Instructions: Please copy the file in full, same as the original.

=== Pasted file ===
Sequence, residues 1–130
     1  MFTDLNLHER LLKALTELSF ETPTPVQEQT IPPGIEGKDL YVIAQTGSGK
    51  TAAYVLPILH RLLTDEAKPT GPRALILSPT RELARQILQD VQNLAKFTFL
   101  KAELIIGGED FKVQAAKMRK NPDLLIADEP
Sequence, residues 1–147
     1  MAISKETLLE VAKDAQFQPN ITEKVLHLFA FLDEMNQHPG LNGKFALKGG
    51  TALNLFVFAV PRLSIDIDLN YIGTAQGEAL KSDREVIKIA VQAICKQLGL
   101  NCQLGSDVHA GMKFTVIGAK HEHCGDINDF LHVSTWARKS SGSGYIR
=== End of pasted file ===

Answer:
Sequence, residues 1–130
     1  MFTDLNLHER LLKALTELSF ETPTPVQEQT IPPGIEGKDL YVIAQTGSGK
    51  TAAYVLPILH RLLTDEAKPT GPRALILSPT RELARQILQD VQNLAKFTFL
   101  KAELIIGGED FKVQAAKMRK NPDLLIADEP
Sequence, residues 1–147
     1  MAISKETLLE VAKDAQFQPN ITEKVLHLFA FLDEMNQHPG LNGKFALKGG
    51  TALNLFVFAV PRLSIDIDLN YIGTAQGEAL KSDREVIKIA VQAICKQLGL
   101  NCQLGSDVHA GMKFTVIGAK HEHCGDINDF LHVSTWARKS SGSGYIR